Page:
Sixteenth Sunday in Ordinary Time
Saint of the Week: St. Thomas Aquinas
Our Saint of the Week this week, in celebration of the diocesan Year of the Eucharist, is a saint who is famous and popular for many reasons: Saint Thomas Aquinas (1225–1274). One of just thirty-six Doctors of the Church, he is arguably the most brilliant theologian in the history of Christianity. He is a priest of the Order of Preachers (the Dominicans), becoming a Dominican in those earliest years of the Dominican Order. And he is patron saint of Catholic schools – and so, our parish and school of St. Mary certainly has a devotion to him.
Saint Thomas likely was born in the castle Roccasecca in the old county of the Kingdom of Sicily, in 1225. His parents were wealthy and influential, but as the youngest son, Saint Thomas was expected to enter the monastery. And indeed, at age five, he began his education at the famous monastery of Monte Cassino, founded by Saint Benedict himself in the 6th Century. There, Saint Thomas stayed until the military conflict between Emperor Frederick II (Frederick Barbarossa) and Pope Gregory IX reached the monastery. He was then was transferred to Naples, and there, he met John of Saint Julian, a Dominican priest, who inspired him to join the recently founded Dominican Order. But when his family learned of his decision, his mother arranged for him to be moved to Paris. Soon after, he was travelling to Rome, and his brothers captured him and returned him to their parents.
Saint Thomas was held captive for a year as his family tried to keep him from joining the Dominican Order. During that year, he tutored his sisters and managed to communicate with members of the Dominican Order. Finally, in an effort to change his mind, his brothers hired a prostitute to try to seduce him, but legend tells of Saint Thomas driving her off with a fire-hot iron, and that night, two angels appeared to him in a dream and strengthened his resolve to remain chaste celibate.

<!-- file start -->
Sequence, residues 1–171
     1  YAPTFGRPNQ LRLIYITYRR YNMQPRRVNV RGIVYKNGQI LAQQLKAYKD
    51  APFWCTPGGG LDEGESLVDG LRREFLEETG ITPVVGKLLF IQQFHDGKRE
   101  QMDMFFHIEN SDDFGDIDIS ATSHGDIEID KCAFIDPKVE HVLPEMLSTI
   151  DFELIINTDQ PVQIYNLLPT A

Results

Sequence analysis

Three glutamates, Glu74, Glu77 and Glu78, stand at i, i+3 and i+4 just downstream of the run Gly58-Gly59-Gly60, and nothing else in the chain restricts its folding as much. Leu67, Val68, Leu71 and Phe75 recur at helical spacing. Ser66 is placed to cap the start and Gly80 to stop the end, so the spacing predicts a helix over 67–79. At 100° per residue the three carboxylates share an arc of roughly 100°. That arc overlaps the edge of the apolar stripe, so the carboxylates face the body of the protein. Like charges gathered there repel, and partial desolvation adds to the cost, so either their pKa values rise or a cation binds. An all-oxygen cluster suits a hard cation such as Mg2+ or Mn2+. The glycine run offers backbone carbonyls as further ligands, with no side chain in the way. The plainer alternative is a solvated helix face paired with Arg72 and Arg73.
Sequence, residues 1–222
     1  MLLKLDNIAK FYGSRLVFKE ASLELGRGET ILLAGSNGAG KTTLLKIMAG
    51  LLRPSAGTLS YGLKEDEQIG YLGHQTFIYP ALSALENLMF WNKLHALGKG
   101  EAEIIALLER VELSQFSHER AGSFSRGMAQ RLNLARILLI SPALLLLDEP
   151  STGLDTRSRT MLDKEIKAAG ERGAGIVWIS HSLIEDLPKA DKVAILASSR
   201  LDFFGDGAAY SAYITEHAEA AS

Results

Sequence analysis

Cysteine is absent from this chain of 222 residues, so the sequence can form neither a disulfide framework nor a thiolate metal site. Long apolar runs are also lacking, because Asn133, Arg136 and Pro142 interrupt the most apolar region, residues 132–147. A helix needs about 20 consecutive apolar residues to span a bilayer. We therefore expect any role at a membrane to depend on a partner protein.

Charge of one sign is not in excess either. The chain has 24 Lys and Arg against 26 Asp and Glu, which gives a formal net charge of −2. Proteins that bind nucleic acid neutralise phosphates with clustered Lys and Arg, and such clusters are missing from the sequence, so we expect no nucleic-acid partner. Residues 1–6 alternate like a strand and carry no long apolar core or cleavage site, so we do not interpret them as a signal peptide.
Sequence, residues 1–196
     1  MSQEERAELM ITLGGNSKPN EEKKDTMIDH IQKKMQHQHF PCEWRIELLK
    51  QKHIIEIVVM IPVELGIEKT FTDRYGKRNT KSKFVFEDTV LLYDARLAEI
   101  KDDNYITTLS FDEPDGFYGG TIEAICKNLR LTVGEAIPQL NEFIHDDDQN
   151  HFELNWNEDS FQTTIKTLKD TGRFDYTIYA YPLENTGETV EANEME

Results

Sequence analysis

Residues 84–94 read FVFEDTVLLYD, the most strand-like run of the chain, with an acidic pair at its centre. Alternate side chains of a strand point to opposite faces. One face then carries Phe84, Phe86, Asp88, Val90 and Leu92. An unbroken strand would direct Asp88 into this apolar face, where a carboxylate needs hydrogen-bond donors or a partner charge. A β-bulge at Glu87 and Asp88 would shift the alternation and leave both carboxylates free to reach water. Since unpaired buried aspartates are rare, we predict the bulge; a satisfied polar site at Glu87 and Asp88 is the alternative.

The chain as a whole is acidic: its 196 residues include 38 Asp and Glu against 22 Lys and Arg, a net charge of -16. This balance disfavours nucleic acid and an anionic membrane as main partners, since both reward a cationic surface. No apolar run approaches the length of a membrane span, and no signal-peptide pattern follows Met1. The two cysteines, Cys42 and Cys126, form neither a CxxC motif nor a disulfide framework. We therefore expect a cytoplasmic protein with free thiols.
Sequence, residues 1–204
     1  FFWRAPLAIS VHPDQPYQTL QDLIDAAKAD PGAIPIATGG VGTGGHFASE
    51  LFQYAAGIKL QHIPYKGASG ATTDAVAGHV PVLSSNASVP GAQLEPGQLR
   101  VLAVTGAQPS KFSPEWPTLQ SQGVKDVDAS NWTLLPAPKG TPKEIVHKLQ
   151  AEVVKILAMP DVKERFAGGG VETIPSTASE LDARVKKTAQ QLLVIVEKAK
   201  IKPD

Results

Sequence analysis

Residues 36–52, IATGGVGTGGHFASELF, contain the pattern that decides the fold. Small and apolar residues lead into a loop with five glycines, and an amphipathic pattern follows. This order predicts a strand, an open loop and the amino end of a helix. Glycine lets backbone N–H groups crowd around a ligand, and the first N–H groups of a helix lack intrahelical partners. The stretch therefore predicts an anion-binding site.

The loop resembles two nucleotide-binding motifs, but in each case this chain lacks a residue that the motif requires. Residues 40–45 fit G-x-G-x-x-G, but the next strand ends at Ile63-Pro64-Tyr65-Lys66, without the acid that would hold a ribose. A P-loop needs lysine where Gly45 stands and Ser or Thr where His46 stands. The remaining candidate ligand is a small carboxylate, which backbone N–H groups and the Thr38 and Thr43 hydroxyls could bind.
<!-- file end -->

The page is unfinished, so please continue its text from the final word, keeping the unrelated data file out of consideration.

When she realized that he would not be persuaded, his mother tried to preserve the family name by arranging for his escape through a window. She believed a secret escape was better than appearing to accept his decision.
After his “escape” and his eventual return to Paris by way of Rome, he met Albertus Magnus (Saint Albert the Great). As an apprentice of Saint Albert, Saint Thomas learned much, and he learned very quickly. He completed his scholarship and went with Saint Albert to Cologne (present-day Germany) in order to teacher there.
Saint Thomas was quiet and seldom spoke at the university, leading other students to believe that he was mentally delayed, even calling him “the dumb ox,” but Saint Albert prophetically said, “You call him the dumb ox, but in his teaching, he will one day produce such a bellowing that it will be heard throughout the world.”
In 1256, Saint Thomas returned to the University of Parish to teach theology. In 1265, he was called to Rome to serve as papal theologian and was later ordered by the Dominican Chapter of Agnani to teach, among other subjects, the full range of philosophical topics of both moral and natural natures.
While teaching, Saint Thomas composed his most famous work,
, which he believed was particularly useful to beginning students “because a doctor of Catholic truth ought not only to teach the proficient, but to him pertains also to instruct beginners.” In 1273, Saint Thomas was seen by the monastery sacristan to be crying and levitating in prayer before an icon of the crucified Christ at the Dominican convent of Naples, in the Chapel of St. Nicholas. During this prayer, Jesus is said to have told Saint Thomas, “You have written well of me, Thomas. What reward would you have for your labor?” And Saint Thomas replied, “Nothing but you, Lord.” After this exchange, something happened but him, but he never wrote or spoke of it. He abandoned his routine, and when begged to return to his writing, he replied, “I cannot, because all that I have written seems like straw to me.”
In May of 1274, Saint Thomas was called to the Second Council of Lyon, where his works for Pope Urban IV would be presented. While traveling to the meeting, Saint Thomas was struck on the head by a of a fallen tree and fell ill. He was taken to Monte Cassino to recover, and he tried too quickly to set out again, taking ill once more on his way to the Council, and at the Cistercian Abbey called Fossanova, the monks cared for him for several days. There, he received last rites and prayed, “I receive Thee, ransom of my soul. For love of Thee, have I studied and kept vigil, toiled, preached and taught.”
The Eucharistic devotion of Saint Thomas is demonstrated most abundantly in the Mass setting (prayers and hymns) for the newly-promulgated Solemnity of Corpus Christi. Among his many prayers and hymns in honor of the Blessed Sacrament are famous Latin prayer-hymns still sung today in the context of Eucharistic Adoration:
Adoro Te devote
O Salutaris Hostia
Saint Thomas Aquinas…pray for us.
~ Fr. Lewis
on Saturday, July 18 at 2:00PM